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Britam slashes stake in Equity Bank over volatile stock market

By Moses Michira | June 26th 2016

Britam has slashed its stake in Equity Bank as part of a long term strategy to reduce exposure in the stock market.

It’s estimated that the transaction that saw Britam cut its stake in the region’s most profitable bank by more than one per cent could be valued around Sh2 billion.

Britam chairman Amb Francis Muthaura (in spectacles) and Group Managing Director Benson Wairegi (second right) join other shareholders in marking the the firm's 50 years in business at the Safari Park Hotel.

Dr Benson Wairegi, the group managing director of the listed insurer, told shareholders at the firm’s annual general meeting held Friday that the deal helped claw back investments in the volatile stock market, but did not give any figure.

“As you would know, returns from the stock market are more volatile than property where we want to go big,” Mr Wairegi said.

Among the biggest investments in the property market is the Britam Tower that is nearing completion at a cost of over Sh5 billion. At the end of 2014, Britam held a 10.63 per cent stake in Equity Bank whose current vale is estimated at about Sh150 billion.

Now, the insurer owns just about nine per cent of the regional bank which has operations in six countries, including Uganda, Tanzania, South Sudan, Rwanda and the Democratic Republic of Congo.

Equity Bank, like all other listed firms, has suffered the impact of a meltdown at the stock market that has seen major dip in the valuation. It is such losses that have hit earnings of pension funds and insurers hard, bearing in mind that the bulk of their investments are in the stock markets.

Average prices of blue chip firms at the NSE are at four-year lows, with the index that tracks the performance of the top 20 stocks closing Friday at about 3,700 points- levels last reported in May 2012.

Shareholders of the regional insurer approved a Sh0.30 dividend per share despite the firm reporting a net loss which the chairman Ambassador Francis Muthaura described as ‘paper losses’.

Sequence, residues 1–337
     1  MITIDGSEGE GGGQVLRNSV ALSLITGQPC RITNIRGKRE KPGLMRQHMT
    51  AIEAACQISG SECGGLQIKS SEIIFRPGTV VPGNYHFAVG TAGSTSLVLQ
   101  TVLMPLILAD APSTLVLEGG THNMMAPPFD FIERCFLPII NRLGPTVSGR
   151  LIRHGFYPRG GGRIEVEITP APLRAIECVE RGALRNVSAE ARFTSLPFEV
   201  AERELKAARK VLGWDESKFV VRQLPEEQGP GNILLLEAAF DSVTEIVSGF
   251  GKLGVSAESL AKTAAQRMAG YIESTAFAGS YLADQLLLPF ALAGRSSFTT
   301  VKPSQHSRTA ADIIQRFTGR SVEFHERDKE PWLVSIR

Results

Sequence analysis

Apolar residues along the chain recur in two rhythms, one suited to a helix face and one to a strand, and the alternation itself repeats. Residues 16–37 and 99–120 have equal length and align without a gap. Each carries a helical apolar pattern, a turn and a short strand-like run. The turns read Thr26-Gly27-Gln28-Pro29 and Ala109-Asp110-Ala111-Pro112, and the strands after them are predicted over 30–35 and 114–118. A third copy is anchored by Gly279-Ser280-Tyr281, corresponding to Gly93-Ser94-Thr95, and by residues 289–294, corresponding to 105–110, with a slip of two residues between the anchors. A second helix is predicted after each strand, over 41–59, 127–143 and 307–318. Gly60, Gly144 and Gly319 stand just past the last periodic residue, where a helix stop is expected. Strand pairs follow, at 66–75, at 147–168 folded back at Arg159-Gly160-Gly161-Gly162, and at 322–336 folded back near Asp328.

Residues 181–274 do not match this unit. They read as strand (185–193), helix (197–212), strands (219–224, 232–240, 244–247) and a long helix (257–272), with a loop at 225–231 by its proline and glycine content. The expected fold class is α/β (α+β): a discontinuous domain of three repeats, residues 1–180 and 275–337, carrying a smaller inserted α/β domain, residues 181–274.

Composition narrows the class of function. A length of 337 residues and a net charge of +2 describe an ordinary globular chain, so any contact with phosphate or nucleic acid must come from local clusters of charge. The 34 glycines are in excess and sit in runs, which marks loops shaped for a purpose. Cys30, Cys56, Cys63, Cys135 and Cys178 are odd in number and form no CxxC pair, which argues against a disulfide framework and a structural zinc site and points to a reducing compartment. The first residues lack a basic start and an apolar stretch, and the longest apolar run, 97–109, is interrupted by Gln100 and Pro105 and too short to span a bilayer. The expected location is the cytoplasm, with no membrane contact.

A paper loss is an accounting term that refers to a reduction in the valuation of an asset an investor is holding on to, with the intention to sell at a later time.

Mr Wairegi however did not disclose when the transaction happened but insiders reckoned that the shares were disposed gradually over the year to avoid causing a glut, and subsequently a price dip.

Former Transport Permanent Secretary Nduva Muli and former chief executive of the public pension scheme (NSSF) Richard Langat were dropped as directors at the Friday’s AGM. Their exit came after Equity Bank founder Peter Munga and Britam director acquired an additional 23.3 per cent stake in Britam in a transaction estimated at about Sh10 billion.

Mr Munga, a billionaire entrepreneur, bought the shares from the government of Mauritius which had confiscated the asset from the firm’s former key shareholder Rawat Dawood - who was accused of running a Sh100 billion Ponzi scheme back at home.

Mr Dawood was the single largest shareholder in Britam and the accusations of impropriety, which have however not been proved, were weighing down on the valuation of the insurer.

“The Mauritius issue would have been disastrous for our company but I am glad that Mr Munga has helped us in getting out of it,” Wairegi said in an interview with the Standard on Sunday.

Uncertainties created by the claims leveled against Dawood and the subsequent takeover of his stake in Britam by the Mauritian government is thought to have caused investor jitters and possibly affected the share performance of the insurer.

Apart from the Mauritian angle, Britam was also dealing with another issue relating to a construction firm called Acorn, where it had a minority stake.

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